T-Cell Immunity Against Cytomegalovirus in Older Adults
Human cytomegalovirus (CMV) is a large DNA virus known to persist in some immunocompetent individuals after primary infection, establishing a chronic infection. Chronic CMV infection is highly prevalent by positive anti-CMV IgG serology in the general older adult population and in several chronic conditions including HIV infection. As discussed elsewhere in this handbook, a large number of studies have shown expansion of T cells specific to CMV pp65 or immediate early 1 (IE1) epitopes in some seropositive older adults, suggesting chronic CMV infection as a major driving force in T-cell immunosenescence with significant adverse impact on the health of older adults. However, most of these studies are cross-sectional, and CMV-seropositive older adult population is likely heterogeneous. This chapter will address this heterogeneity and provide supportive evidence for PCR-based assays to detect CMV viral DNA in the peripheral blood monocytes as novel tools for diagnostic evaluation of chronic CMV infection in older adults. It will also describe CD4+ and CD8+ T-cell responses to broad CMV epitopes beyond pp65 or IE1 emphasizing the importance of such comprehensive evaluation. Finally, it will present emerging longitudinal data for chronic CMV infection and its impact on T-cell immunity, emphasizing the need for more in-depth longitudinal studies with larger sample size, frequent sampling, and longer follow-up.
KeywordsCytomegalovirus T-cell immunity Aging Heterogeneity longitudinal
This work was supported in part by an NIH grant R01AI108907 and R21-AG-043874 and funding from the Milstein Medical Asian American Partnership (MMAAP) Foundation (www.mmaapf.org) [to Dr. Sean X. Leng], NIH grant UO1-AI-35042 [to Dr. Joseph B Margolick], and additional supplemental funding from the National Cancer Institute [to the MACS].
- Bajwa M, Vita S, Vescovini R, Larsen M, Sansoni P, Terrazzini N et al (2016) Functional diversity of cytomegalovirus-specific T cells is maintained in older people and significantly associated with protein specificity and response size. J Infect Dis 214(9):1430–1437CrossRefPubMedPubMedCentralGoogle Scholar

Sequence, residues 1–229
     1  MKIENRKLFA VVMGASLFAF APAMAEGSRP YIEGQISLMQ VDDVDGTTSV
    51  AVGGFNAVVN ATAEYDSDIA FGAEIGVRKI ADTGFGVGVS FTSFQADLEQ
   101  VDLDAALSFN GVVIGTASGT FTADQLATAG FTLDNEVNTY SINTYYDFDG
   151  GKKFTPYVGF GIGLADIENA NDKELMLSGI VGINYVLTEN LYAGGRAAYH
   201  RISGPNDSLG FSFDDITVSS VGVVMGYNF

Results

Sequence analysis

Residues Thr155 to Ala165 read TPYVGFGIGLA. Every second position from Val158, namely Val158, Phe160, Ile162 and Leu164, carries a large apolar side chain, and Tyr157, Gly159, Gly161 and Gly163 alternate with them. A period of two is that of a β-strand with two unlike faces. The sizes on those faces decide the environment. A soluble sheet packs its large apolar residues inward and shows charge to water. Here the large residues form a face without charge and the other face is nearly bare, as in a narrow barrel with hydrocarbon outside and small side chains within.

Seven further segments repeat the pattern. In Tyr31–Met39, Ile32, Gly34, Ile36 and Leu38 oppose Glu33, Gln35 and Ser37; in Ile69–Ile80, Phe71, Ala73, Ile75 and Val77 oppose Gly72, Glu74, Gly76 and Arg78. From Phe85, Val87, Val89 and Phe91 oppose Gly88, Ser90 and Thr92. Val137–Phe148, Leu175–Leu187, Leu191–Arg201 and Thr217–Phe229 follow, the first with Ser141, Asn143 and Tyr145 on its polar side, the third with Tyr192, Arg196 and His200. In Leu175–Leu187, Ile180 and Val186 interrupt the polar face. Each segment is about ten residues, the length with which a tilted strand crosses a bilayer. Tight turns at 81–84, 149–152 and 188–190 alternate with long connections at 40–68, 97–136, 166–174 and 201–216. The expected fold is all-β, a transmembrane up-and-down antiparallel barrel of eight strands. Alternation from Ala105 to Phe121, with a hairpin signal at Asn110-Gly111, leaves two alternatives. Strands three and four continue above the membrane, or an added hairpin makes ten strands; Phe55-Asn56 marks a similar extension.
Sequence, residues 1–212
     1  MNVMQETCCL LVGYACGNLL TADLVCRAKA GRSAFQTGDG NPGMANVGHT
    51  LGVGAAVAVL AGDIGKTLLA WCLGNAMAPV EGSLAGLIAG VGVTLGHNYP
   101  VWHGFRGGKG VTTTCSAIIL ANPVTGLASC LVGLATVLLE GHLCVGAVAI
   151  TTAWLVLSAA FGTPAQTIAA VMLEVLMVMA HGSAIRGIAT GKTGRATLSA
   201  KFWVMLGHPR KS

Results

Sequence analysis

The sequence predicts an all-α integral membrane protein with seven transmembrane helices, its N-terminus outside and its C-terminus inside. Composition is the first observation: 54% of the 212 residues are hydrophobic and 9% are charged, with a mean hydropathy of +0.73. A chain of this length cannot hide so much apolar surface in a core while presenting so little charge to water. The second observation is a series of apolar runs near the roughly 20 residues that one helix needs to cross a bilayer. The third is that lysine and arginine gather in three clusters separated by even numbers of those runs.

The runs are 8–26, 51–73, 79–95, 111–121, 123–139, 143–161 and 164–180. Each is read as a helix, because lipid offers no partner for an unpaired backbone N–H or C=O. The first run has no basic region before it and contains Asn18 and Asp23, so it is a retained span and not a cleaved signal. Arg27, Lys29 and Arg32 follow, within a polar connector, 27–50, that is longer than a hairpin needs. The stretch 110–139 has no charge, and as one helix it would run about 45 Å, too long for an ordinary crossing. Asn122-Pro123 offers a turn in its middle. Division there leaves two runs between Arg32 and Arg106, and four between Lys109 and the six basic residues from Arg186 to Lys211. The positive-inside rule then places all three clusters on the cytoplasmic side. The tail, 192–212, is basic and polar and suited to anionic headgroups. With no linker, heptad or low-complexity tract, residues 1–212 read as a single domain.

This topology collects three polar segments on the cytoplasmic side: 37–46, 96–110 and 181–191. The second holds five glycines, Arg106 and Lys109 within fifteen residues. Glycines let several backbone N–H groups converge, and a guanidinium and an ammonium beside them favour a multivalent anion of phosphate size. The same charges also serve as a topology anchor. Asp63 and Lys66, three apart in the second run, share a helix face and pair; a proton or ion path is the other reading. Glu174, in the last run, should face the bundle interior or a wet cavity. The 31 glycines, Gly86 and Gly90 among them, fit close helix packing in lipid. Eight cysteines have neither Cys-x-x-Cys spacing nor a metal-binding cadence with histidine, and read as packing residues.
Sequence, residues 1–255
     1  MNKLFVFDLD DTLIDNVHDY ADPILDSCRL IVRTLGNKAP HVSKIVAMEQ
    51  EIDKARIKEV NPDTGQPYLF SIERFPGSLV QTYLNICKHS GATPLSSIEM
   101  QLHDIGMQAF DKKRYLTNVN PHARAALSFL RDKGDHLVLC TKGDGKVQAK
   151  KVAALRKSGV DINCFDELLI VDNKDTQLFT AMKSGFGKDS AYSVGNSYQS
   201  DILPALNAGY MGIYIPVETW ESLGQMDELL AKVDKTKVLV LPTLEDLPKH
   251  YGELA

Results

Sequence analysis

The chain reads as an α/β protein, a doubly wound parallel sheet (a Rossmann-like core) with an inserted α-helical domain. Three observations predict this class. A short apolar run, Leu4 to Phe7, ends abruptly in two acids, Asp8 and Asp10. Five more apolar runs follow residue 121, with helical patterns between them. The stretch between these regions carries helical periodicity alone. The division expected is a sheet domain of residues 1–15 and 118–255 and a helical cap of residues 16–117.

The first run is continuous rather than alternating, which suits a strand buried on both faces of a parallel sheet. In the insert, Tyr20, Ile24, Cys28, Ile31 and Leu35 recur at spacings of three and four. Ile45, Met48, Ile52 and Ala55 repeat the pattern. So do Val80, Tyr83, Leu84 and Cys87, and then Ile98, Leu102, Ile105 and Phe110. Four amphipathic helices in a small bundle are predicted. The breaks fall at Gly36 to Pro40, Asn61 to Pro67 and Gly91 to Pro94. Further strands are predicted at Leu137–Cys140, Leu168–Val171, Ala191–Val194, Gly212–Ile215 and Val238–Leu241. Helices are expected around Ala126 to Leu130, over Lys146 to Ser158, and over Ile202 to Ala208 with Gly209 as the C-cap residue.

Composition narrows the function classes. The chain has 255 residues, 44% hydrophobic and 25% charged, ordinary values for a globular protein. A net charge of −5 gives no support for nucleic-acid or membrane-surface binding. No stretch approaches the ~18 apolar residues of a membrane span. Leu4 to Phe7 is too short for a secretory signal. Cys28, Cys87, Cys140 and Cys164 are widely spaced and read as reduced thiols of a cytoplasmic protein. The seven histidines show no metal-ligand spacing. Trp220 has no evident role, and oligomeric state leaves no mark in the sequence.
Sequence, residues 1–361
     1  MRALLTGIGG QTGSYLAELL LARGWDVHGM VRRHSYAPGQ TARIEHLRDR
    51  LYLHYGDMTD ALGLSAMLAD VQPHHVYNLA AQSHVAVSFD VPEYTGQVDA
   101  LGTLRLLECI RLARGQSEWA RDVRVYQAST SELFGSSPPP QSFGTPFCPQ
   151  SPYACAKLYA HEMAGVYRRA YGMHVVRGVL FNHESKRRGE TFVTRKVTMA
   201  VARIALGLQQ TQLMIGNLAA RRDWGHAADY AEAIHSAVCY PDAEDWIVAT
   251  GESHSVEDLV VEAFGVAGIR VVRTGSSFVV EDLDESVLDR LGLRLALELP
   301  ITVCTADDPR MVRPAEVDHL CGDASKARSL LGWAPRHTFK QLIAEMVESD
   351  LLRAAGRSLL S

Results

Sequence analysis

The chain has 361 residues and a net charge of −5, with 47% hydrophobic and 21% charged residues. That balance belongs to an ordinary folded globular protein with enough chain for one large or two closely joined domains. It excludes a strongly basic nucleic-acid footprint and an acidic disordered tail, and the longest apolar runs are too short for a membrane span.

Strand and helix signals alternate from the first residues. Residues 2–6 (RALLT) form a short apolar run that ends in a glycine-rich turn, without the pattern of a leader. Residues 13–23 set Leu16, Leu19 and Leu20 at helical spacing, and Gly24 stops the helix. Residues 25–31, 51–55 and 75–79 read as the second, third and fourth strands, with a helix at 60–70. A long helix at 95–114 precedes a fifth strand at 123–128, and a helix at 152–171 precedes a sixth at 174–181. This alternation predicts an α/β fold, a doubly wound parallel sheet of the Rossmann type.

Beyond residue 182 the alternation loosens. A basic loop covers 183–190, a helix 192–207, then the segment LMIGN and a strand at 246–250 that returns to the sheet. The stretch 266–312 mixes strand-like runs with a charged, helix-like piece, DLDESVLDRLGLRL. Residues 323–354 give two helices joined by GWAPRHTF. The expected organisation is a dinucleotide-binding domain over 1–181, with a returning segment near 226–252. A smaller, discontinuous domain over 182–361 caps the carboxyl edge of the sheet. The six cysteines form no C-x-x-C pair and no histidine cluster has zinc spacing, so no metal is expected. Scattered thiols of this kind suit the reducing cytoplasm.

- Hadrup SR, Strindhall J, Kollgaard T, Seremet T, Johansson B, Pawelec G et al (2006) Longitudinal studies of clonally expanded CD8 T cells reveal a repertoire shrinkage predicting mortality and an increased number of dysfunctional cytomegalovirus-specific T cells in the very elderly. J Immunol 176(4):2645–2653CrossRefPubMedGoogle Scholar
- Haq K, Fulop T, Tedder G, Gentleman B, Garneau H, Meneilly GS et al (2017) Cytomegalovirus seropositivity predicts a decline in the T cell but not the antibody response to influenza in vaccinated older adults independent of type 2 diabetes status. J Gerontol A Biol Sci Med Sci 72 (9):1163–70Google Scholar
- Li H, Weng P, Najarro K, Xue QL, Semba RD, Margolick JB et al (2014b) Chronic CMV infection in older women: longitudinal comparisons of CMV DNA in peripheral monocytes, anti-CMV IgG titers, serum IL-6 levels, and CMV pp65 (NLV)-specific CD8(+) T-cell frequencies with twelve year follow-up. Exp Gerontol 54:84–89CrossRefPubMedGoogle Scholar
- Mocarski E, Shenk T, Pass RF (2007) Cytomegalovirus. In: Knipe DM, Howley PM (eds) Fields virology, 5th edn. Lippincott, Williams & Wilkins, Philadelphia, pp 2701–2772Google Scholar
- Roberts ET, Haan MN, Dowd JB, Aiello AE (2010) Cytomegalovirus antibody levels, inflammation, and mortality among elderly Latinos over 9 years of follow-up. Am J Epidemiol 172(4): 363–371Google Scholar
- Wikby A, Nilsson BO, Forsey R, Thompson J, Strindhall J, Lofgren S et al (2006) The immune risk phenotype is associated with IL-6 in the terminal decline stage: findings from the Swedish NONA immune longitudinal study of very late life functioning. Mech Ageing Dev 127(8): 695–704CrossRefPubMedGoogle Scholar